Israel is considered a high-income country and Ethiopia a low-income country, according to WHO.18 ,19 Table 1 displays 2014 and 2015 health indicators from these two countries, as collected by WHO.18–21 In comparison to Ethiopia, Israel has a longer life expectancy, as well as lower rates of mortality under 5 years of age and mortality due to HIV/AIDS.20 ,21 However, Israel has a higher mortality rate due to diabetes.19 ,20 Collecting data that illuminate the health indicators for the Israeli Ethiopian community, as well as other recent immigrant groups in Israel, would allow a more comprehensive examination of this population's current health status.22 This may pave the way for targeted health outreach programmes.

Table 1

2014 and 2015 health indicators from WHO

Cross-cultural misunderstanding

A 1999 study by Marian Reiff, Havah Zakit and Michael Weingarten examined the perceptions of treatment by Israeli doctors and Ethiopian-Israeli patients.1 This study illuminated differences in perception and satisfaction of the care between both groups. The cultural manifestation of stress in illness, as an example, was understood differently between Ethiopian-Israeli patients and their physicians. This prompted different views of the quality of care. The study highlights the importance of cross-cultural understanding and recognising various beliefs and presentations of illness. In addition to the use of qualified translators, the degree of care between immigrant patients and physicians may be improved by cross-cultural education and communication workshops for both parties. The difference in belief systems of new immigrant populations, and the way in which western biomedical practitioners approach these beliefs, may greatly affect care.

Diabetes and chronic disease

On arrival to Israel, the lifestyle habits of the Ethiopian community diverged from common practices in Ethiopia.11 With the new use of public transportation around the country, walking became less of a necessity and less commonplace than it was in Ethiopia. The diet of the Ethiopian community formerly consisted of fresh, healthy, independently grown food, and it was considered an essential component of Ethiopian culture and pride.11 ,17 With the presence of high carbohydrate and fatty options, and the availability of food at local stores, the diet of the community changed. The quality and prevalence of dining on traditional dishes changed following immigration to Israel due to the high cost of this food.10 Diabetes in the Ethiopian-Israeli community increased to a significant degree following the waves of immigration.10 ,11 The prevalence of type 2 diabetes expanded from 0.4% to 8.9% from 1985 to 1987.10 ,23

Tene Briut, a community-based project that ‘promotes culturally appropriate prevention, detection and management activities’, was developed to improve the health of the Ethiopian-Israeli community. The project was created in 1998 and has focused on health education programming. Tene Briut has used Ethiopian community members, knowledge of cultural practices and beliefs and a culture-specific approach in their activities. Tene Briut's train-the-trainer approach used 15 Ethiopian nurses with specialised training during the programme's inception, garnering participation from within the Ethiopian community. Community support has persisted throughout the creation, maintenance and outcomes of the programme. A diabetes education initiative compared insulin's relationship to the body with water's relationship to the cultivated greens found in Ethiopia.11 Type II diabetes and other lifestyle-directed chronic diseases were unfamiliar concepts in the immigrant Ethiopian community's understanding of health.10 The emphasis on elements that are essential to life and the Ethiopian community's strong connection to agriculture make this an excellent demonstration of conveying a western biomedical concept through a culture-specific understanding of health and the world. Tene Briut notes its successes in creating awareness of chronic disease in the Ethiopian-Israeli community, empowering community members to take leadership positions in the organisation and developing methods for community-specific health intervention. Tene Briut can serve as a model for further outreach in the Ethiopian-Israeli community, in other Israeli immigrant and refugee populations, and throughout the world.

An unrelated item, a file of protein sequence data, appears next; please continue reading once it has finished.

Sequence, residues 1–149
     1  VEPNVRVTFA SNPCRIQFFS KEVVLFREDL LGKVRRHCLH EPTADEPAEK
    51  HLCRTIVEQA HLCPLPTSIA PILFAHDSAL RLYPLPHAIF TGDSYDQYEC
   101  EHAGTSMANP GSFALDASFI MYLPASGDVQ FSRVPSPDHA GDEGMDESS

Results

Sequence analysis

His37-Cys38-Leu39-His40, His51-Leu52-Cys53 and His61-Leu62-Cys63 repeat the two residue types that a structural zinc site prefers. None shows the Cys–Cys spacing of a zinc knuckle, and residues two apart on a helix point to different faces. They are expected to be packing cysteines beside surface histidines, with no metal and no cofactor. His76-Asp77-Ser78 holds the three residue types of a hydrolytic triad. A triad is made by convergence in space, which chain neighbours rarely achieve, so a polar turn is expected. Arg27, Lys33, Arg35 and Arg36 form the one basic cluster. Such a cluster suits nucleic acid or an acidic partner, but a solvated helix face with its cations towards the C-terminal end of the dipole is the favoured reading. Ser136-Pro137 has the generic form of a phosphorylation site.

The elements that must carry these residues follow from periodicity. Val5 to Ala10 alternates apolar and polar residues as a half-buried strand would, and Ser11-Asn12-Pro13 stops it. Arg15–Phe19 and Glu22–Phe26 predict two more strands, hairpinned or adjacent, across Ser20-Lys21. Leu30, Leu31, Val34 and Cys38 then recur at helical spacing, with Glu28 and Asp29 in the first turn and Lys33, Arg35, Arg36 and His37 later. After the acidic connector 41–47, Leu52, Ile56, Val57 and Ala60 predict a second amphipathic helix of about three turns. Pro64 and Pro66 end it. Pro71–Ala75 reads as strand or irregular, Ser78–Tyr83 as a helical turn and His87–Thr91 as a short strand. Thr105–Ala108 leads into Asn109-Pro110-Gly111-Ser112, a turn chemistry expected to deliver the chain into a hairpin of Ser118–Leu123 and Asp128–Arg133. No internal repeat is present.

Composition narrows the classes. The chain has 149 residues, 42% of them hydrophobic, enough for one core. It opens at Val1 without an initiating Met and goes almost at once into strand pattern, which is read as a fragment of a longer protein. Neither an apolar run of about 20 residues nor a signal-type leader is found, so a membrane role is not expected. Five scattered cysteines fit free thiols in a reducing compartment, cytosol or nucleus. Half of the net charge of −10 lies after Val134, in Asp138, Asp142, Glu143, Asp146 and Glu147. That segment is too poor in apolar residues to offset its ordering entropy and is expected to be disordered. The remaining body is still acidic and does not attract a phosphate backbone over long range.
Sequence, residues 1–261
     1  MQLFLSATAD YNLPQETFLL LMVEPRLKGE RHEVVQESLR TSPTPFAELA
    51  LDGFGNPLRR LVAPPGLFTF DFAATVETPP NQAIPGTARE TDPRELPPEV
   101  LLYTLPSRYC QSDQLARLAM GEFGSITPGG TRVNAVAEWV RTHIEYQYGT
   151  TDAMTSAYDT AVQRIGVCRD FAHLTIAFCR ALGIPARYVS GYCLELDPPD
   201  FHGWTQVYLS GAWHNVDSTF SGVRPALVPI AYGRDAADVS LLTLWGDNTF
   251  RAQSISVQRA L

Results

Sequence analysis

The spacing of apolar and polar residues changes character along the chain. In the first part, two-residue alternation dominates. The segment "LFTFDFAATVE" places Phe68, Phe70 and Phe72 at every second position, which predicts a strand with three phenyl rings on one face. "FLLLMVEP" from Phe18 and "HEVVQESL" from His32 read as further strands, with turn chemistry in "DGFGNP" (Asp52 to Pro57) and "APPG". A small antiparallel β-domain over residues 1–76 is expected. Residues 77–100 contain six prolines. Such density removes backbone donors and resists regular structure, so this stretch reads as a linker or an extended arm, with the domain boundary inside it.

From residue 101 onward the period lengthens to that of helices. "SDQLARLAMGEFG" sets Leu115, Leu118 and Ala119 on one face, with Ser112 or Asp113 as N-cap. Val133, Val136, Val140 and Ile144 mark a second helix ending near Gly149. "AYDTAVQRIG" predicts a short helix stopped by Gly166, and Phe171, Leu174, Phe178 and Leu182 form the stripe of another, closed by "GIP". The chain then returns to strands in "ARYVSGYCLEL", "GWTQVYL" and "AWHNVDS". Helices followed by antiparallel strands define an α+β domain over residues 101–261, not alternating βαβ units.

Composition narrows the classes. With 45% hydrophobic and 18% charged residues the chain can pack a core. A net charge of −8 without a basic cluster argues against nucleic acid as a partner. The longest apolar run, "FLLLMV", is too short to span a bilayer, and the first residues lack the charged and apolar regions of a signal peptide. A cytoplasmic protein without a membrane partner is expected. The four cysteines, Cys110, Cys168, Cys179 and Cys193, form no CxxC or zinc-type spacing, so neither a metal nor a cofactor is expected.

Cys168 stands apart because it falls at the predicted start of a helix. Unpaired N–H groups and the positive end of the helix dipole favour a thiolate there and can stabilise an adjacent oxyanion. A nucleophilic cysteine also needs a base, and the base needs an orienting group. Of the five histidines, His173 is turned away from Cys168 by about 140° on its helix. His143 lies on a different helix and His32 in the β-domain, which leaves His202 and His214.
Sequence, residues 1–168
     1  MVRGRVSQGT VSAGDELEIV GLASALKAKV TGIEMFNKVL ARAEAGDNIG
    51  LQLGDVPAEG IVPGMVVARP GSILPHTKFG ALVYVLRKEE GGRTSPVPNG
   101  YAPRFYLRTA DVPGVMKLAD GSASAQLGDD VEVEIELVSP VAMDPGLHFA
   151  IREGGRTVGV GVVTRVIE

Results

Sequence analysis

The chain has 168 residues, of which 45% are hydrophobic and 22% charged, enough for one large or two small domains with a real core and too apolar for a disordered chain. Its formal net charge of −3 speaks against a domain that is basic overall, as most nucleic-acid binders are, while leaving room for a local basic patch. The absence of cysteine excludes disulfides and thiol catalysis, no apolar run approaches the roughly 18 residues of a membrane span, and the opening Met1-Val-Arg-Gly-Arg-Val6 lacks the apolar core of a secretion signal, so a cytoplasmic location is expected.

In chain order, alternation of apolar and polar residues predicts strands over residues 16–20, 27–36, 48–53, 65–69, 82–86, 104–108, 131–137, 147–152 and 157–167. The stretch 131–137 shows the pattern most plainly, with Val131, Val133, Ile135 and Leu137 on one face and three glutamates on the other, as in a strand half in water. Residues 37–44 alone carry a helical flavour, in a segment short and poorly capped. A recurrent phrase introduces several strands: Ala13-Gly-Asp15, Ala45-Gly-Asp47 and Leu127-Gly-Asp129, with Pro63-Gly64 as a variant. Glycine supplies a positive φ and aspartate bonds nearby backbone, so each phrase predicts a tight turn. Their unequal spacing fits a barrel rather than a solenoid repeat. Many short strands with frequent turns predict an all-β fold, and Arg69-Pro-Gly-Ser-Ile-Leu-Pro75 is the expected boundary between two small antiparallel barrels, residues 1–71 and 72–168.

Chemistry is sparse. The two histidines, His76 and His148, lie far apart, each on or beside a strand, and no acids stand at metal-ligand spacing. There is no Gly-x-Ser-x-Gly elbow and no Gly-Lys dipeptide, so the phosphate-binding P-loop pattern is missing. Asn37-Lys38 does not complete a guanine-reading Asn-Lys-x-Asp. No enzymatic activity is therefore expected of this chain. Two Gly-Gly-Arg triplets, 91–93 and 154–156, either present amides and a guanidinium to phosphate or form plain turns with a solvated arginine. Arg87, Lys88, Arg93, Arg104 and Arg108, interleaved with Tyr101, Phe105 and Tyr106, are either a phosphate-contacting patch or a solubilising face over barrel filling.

Learning points

  • As an immigrant population, the Ethiopian-Israeli community faced difficult integration and health inequities on arrival.

  • A keen understanding of the immigrant population's culture can enhance state and non-governmental organisation-sponsored efforts for successful integration.

  • Educational programming for medical decision-makers, healthcare providers and the Ethiopian-Israeli community can mitigate cross-cultural misunderstandings and may optimise care.

  • Successful healthcare intervention requires a biopsychosocial model of analysis and usage of a culturally appropriate context.

Footnotes

  • Competing interests None declared.

  • Provenance and peer review Not commissioned; externally peer reviewed.

References